Ransomware and cybercrime are threats that encompass all healthcare practices, whether it’s hospital systems paying out millions in ransom or small practices forced to close.

As a result, improved firewalls, multi-factor authentication, regular training and third-party vendor security audits won’t be optional in 2022. These will be mandatory steps to ensure continued operations and patient health — and providers will have to take those steps in order to obtain cyber insurance.

4 Medical Economics, “The cyberwar against health care practices,” March 5, 2021.
5 Global News, “Ransomware demands double amid COVID-19, with health care industry a key target: report,” March 17, 2021.
6 TechJury, “29+ Alarming Healthcare Data Breaches Statistics 2021,” September 9, 2021.

Regular safety protocols may have gotten delayed or ignored during the COVID-19 pandemic

3. It’s going to be about enterprise risk management

Healthcare organizations have tended to silo their risk management within individual functions such as clinical risk, human resources risk and safety risk. The pandemic revealed siloed risk only aggravates problems.

When a pandemic is raging and providers are overwhelmed, employees become burned out and quit, meaning regular safety protocols can get delayed or ignored. To date, regulators have been less strict on adherence to safety measures during the pandemic.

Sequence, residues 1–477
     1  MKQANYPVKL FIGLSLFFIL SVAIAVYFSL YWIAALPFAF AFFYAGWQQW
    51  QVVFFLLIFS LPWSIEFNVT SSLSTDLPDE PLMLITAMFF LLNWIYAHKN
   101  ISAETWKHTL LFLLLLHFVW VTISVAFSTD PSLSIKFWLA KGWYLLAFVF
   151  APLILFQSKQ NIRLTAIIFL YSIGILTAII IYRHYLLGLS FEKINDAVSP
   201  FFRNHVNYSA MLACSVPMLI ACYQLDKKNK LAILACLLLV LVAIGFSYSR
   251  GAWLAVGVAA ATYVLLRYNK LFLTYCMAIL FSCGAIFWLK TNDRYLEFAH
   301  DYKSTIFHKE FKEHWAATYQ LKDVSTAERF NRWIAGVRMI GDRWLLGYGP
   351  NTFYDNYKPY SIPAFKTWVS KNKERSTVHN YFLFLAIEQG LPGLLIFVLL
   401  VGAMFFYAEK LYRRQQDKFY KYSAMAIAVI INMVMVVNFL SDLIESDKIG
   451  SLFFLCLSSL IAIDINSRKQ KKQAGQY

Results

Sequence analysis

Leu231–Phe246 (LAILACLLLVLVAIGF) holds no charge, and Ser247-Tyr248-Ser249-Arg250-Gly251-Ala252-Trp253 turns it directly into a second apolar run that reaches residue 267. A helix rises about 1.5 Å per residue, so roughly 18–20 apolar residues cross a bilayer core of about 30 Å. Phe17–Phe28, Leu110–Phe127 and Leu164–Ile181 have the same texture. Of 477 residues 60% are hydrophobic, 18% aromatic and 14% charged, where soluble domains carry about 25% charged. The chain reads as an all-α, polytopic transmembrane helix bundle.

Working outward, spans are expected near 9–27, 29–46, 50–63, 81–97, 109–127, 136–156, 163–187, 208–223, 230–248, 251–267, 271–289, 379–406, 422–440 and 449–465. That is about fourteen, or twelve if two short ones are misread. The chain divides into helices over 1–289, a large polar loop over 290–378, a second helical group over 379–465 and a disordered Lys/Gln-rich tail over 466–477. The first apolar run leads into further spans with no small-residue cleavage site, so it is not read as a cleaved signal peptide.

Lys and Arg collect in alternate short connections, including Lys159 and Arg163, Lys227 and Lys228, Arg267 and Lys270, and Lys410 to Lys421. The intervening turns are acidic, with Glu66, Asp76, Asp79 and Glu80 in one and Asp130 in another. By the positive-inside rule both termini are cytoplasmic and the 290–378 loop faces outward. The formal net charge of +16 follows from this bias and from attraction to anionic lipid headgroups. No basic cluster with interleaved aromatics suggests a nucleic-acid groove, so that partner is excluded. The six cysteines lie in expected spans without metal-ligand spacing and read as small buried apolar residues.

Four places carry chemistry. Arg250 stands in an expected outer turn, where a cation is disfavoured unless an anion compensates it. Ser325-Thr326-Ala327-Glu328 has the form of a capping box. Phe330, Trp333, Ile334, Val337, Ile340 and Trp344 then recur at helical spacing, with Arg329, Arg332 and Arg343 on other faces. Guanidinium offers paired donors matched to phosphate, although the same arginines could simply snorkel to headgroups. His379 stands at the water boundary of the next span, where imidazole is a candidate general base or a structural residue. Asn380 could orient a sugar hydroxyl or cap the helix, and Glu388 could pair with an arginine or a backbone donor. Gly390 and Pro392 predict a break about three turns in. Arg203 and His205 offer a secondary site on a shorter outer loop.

But that’s going to change in 2022. Organizations that have adopted an integrated ERM approach to safety will achieve multidisciplinary accountability and ensure organizational readiness, especially to manage uncertainty. For instance, understanding how one risk, such as the labour shortage, influences risks across the enterprise is the first step toward stronger risk management, lower insurance premiums and less litigation.

In the end, they will have a much better story to tell regulators, patients, residents and, of course, their insurers.

Read our 2022 Employee Benefits Outlook and learn how benefits can support recruitment and retention.

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Moving forward in 2022

Since the pandemic emerged, healthcare providers have faced management challenges they never anticipated. And there aren’t any silver bullets to solve labour shortages or cyber risk, much less the risk involved in safety issues that may have been ignored.

However, even if these risks can’t be eliminated, they can be managed, controlled and insured. To thrive, the capabilities of a good broker will be invaluable — not merely in securing the right insurance, but in helping healthcare organizations get ahead of the curve in managing risks in an uncertain environment.